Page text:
- Death of the Religious Right (and the GOP?)
- Hacking is a two-way street
- Presidential Debates “R” Rating
[Author’s note: the following is a model of restraint and sobriety compared to what I first
Until Friday’s release of the tape of Trump and Billy Bush (note: I had no idea who the latter was until this tape), I suspected that Trump would outperform the polls — maybe even enough to win — because the media blitz against Trump made it disreputable to announce, even to a pollster, that one was voting for him. (I’m not saying the media blitz is false or unwarranted, but the media are widely distrusted, and there’s a sense of what’s “unfair” that sometimes eludes me.)
Now I’m not so sure about his outperforming the polls — though I’ve thought “surely this is the last straw” more than once before. Could it be that Evangelicals will once again forgive He Who Has Never Done Anything Bad Enough to Require God’s Forgiveness because … Hillary?
I miss Daniel Patrick Moynihan, a rare intellectual in elective politics and full of surprises.
For my money, his most enduring legacy is coining “defining deviancy down.”
Defining Deviancy Down (DDD) was an expression coined by the late Senator Daniel Patrick Moynihan in 1993. Moynihan based his phrase on the theory of Emile Durkheim that there is a limit to the bad behavior that a society can tolerate before it has to start lowering its standards.
The GOP and pro-Trump Evangelicals, including at least one old friend, are confirming the theory yet again.
Ralph Reed, a conservative Christian activist and the head of Trump’s religious advisory board, said that as the father of two daughters, he was disappointed by the “inappropriate” comments.
“But people of faith are voting on issues like who will protect unborn life, defend religious freedom, grow the economy, appoint conservative judges and oppose the Iran nuclear deal,” he said in an email.
He also said to NPR that he’d have no hesitation about his daughters going to work in close proximity to Trump.
Sure, Ralph. That’s the ticket.
To the older evangelicals planning to vote for Trump: You can try to explain the difference in electing a president and hiring a 23-year-old college graduate to evangelize students. You can say we’re electing a commander in chief and not a Sunday school teacher. You can say that God often raises up pagan leaders to deliver his people from their enemies. But no one is fooled by your arguments.
They can see you will apparently excuse anything in a Republican nominee so long as the alternative is a manifestly unqualified Clinton. And they will conclude that they don’t really need to listen to you when it comes to “traditional, biblical ethics.”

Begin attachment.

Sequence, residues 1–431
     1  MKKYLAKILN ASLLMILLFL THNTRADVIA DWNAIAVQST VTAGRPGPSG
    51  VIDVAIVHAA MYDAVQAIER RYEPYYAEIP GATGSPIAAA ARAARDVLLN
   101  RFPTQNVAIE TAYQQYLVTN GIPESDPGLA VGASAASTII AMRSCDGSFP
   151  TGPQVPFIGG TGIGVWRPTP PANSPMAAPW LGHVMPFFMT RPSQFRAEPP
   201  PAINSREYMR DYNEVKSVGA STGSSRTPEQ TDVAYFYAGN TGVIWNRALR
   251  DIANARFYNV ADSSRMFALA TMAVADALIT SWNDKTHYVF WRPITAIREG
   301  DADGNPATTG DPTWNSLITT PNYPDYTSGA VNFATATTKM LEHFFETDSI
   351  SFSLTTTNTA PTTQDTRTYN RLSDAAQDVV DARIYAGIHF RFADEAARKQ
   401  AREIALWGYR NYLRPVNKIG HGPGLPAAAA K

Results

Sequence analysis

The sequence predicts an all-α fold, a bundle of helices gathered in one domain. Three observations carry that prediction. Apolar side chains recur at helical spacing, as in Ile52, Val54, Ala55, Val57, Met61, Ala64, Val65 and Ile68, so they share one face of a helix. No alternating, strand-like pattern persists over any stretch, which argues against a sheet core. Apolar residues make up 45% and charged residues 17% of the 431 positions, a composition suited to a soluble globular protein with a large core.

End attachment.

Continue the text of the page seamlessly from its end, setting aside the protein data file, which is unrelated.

The 2016 presidential election will be remembered as the last spasm of energy from the Religious Right before its overdue death.
The Democrats, though, are not covering themselves with glory by their sudden and transparently tactical embrace of traditional standards of morality and decency.
Every day Putin’s site gets attacked by tens of thousands of hackers. Many of these attacks can be traced to U.S. territory. It’s not as though we accuse the White House or Langley of doing it each time it happens.
(Dmitry Peskov, press secretary for Russian President Vladimir Putin, responding to formal U.S. allegations at Russia of attempting to interfere in the 2016 elections, including by hacking the computers of the Democratic National Committee and other political organizations.)
Say what you will, I vastly prefer this Spy vs Spy stuff to yesteryear’s fear of nuclear war with Russia.
I never would have imagined the day when I could not allow my children to watch an American presidential debate because I was worried about what lewd and lascivious things the Republican nominee would say on live television.
(Rod Dreher) Dreher warns the GOP, however, not to ignore the issues where Trump has been right, starting with the folly of the Iraq War.
And don’t miss this chilling quote:
We’re an empire now, and when we act, we create our own reality. And while you’re studying that reality — judiciously, as you will — we’ll act again, creating other new realities, which you can study too, and that’s how things will sort out. We’re history’s actors . . . and you, all of you, will be left to just study what we do.
That was spoken by one of Dubya’s Senior Advisors to Ron Suskind, but doesn’t it represent today’s bipartisan foreign policy consensus?
* * * * *
“In learning as in traveling and, of course, in lovemaking, all the charm lies in not coming too quickly to the point, but in meandering around for a while.” (Eva Brann)